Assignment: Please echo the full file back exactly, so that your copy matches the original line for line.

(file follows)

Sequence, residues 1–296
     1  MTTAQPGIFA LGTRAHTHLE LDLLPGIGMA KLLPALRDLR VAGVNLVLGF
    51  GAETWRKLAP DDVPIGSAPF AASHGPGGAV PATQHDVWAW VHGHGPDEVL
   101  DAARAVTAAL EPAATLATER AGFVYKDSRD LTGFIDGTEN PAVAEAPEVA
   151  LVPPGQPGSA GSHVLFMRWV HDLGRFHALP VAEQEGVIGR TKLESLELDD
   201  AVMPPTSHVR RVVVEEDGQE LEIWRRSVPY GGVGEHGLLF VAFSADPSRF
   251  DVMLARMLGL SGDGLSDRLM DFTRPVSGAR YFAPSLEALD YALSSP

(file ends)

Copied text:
Sequence, residues 1–296
     1  MTTAQPGIFA LGTRAHTHLE LDLLPGIGMA KLLPALRDLR VAGVNLVLGF
    51  GAETWRKLAP DDVPIGSAPF AASHGPGGAV PATQHDVWAW VHGHGPDEVL
   101  DAARAVTAAL EPAATLATER AGFVYKDSRD LTGFIDGTEN PAVAEAPEVA
   151  LVPPGQPGSA GSHVLFMRWV HDLGRFHALP VAEQEGVIGR TKLESLELDD
   201  AVMPPTSHVR RVVVEEDGQE LEIWRRSVPY GGVGEHGLLF VAFSADPSRF
   251  DVMLARMLGL SGDGLSDRLM DFTRPVSGAR YFAPSLEALD YALSSP